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June 1968

Uses of Injectable Teflon in Otolaryngology

Author Affiliations

Nashville, Tenn
From the Division of Otolaryngology, Vanderbilt University School of Medicine, Nashville, Tenn. After July 1 Dr. Ward will be at University of California School of Medicine, Los Angeles.

Arch Otolaryngol. 1968;87(6):637-643. doi:10.1001/archotol.1968.00760060639017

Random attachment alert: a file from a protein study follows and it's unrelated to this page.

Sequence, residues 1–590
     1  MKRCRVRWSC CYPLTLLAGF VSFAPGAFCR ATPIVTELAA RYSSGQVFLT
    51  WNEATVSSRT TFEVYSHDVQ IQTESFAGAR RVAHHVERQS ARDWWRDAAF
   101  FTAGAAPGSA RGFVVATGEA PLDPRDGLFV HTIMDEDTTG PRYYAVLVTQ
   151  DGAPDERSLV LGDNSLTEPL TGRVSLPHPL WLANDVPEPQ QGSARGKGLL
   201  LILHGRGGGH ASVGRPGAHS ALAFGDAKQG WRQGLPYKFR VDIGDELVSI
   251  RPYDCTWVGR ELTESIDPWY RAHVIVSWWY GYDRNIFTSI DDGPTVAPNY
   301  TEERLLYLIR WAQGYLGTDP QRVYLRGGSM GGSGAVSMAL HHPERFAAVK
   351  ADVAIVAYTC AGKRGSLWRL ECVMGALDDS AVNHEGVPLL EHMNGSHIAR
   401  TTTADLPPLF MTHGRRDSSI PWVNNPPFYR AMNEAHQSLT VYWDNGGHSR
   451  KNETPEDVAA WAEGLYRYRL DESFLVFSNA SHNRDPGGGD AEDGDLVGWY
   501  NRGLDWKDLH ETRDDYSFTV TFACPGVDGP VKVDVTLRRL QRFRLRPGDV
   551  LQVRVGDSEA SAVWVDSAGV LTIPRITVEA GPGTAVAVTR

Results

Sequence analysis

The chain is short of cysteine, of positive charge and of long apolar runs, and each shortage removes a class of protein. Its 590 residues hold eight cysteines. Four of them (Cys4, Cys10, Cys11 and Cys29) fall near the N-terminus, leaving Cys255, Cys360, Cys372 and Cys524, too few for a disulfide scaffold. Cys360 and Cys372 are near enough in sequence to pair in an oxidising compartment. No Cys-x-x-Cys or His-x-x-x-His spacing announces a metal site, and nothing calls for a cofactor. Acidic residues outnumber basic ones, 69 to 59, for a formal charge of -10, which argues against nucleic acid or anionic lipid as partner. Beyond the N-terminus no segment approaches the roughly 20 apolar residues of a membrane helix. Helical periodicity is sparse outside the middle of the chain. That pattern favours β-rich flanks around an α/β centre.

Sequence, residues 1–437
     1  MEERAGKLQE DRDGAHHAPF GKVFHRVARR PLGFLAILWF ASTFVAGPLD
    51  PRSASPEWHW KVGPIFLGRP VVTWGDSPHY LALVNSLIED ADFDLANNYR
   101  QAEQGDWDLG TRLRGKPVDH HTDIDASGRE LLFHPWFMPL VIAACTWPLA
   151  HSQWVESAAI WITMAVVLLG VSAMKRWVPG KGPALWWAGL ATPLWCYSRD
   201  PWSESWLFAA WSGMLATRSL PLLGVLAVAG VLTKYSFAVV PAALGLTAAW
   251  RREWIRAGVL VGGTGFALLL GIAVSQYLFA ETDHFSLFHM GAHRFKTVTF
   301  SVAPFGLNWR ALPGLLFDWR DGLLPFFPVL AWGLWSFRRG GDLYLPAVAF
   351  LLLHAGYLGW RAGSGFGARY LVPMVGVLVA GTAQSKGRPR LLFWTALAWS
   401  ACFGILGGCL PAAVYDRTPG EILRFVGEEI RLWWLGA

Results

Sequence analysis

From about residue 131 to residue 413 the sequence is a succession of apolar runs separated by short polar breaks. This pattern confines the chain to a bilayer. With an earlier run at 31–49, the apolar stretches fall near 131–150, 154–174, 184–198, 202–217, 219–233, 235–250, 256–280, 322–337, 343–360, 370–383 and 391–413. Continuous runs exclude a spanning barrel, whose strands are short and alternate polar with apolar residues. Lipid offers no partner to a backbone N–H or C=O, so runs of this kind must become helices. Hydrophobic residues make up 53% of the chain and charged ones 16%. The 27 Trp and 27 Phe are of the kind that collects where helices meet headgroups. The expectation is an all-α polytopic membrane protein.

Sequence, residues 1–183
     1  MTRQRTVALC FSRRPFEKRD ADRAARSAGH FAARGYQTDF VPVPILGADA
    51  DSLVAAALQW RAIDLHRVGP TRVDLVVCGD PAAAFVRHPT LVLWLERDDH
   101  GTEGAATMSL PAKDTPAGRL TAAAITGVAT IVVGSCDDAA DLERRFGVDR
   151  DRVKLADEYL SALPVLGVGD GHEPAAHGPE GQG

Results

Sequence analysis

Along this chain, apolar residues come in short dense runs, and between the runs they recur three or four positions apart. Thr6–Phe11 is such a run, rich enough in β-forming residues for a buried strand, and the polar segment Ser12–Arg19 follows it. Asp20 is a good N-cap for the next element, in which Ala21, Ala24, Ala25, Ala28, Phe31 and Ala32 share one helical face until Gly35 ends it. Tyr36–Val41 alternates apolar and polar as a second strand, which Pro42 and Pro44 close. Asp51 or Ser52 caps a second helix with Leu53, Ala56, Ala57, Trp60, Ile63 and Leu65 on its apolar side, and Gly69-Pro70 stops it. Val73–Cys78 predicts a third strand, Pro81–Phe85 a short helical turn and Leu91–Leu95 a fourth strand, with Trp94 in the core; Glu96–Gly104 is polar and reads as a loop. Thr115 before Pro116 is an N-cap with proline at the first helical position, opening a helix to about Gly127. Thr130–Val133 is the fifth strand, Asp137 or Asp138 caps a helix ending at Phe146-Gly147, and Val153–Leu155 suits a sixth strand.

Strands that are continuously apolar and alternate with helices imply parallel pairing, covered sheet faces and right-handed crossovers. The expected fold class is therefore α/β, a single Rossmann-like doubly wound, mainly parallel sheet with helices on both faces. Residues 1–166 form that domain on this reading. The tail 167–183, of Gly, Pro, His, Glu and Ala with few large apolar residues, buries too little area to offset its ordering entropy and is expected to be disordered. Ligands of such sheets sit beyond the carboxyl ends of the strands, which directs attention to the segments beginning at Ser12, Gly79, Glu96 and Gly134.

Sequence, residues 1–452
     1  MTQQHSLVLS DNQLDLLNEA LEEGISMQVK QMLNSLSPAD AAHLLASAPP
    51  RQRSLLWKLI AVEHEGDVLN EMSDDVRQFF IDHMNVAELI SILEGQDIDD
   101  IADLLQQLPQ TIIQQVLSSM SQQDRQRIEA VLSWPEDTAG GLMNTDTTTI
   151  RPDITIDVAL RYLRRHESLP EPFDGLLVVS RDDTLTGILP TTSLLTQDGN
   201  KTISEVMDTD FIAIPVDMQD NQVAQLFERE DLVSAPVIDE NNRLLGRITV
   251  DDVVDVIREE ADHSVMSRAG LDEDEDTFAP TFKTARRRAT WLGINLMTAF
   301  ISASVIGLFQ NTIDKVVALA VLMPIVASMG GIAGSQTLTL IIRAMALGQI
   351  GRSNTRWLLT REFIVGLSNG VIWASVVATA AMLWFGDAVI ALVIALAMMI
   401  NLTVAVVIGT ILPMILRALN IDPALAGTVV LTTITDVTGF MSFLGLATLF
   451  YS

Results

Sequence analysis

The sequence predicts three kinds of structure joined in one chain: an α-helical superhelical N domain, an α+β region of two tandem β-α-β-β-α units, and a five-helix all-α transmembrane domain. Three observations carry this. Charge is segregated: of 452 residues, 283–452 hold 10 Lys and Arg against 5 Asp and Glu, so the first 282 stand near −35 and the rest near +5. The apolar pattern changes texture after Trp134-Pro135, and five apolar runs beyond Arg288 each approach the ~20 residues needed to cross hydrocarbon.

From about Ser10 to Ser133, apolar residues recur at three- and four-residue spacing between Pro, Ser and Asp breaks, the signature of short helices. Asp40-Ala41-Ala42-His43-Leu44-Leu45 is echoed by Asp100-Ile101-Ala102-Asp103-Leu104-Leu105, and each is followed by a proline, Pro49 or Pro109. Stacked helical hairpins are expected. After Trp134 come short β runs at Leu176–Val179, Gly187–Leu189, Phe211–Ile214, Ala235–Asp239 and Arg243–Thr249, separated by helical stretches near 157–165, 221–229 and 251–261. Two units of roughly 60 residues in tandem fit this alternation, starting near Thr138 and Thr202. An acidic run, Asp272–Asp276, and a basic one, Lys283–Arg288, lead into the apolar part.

THROUGHOUT the history of medicine, physicians have sought to restore anatomically deficient areas of the human body by autogenous, homologous, and synthetic materials. Beyond any doubt, the preferable substances as far as tissue tolerance is concerned continues to be autogenous materials. While physiologically more acceptable, autogenous materials suffer from many disadvantages. These include availability, the necessity for surgical acquisition and implantation, and the problem of reabsorption. The search for well-tolerated synthetic material has been underway almost as long as has the search for the fountain of youth and has been as elusive as the pot of gold at the end of the rainbow. The desire stems from the advantages that an ideal synthetic implant would provide. These include immediate availability, ease of sculpturing and molding, elimination of need for donor or donor site, and diminution or absence of resorption. The use of an injectable type synthetic implant also eliminates the

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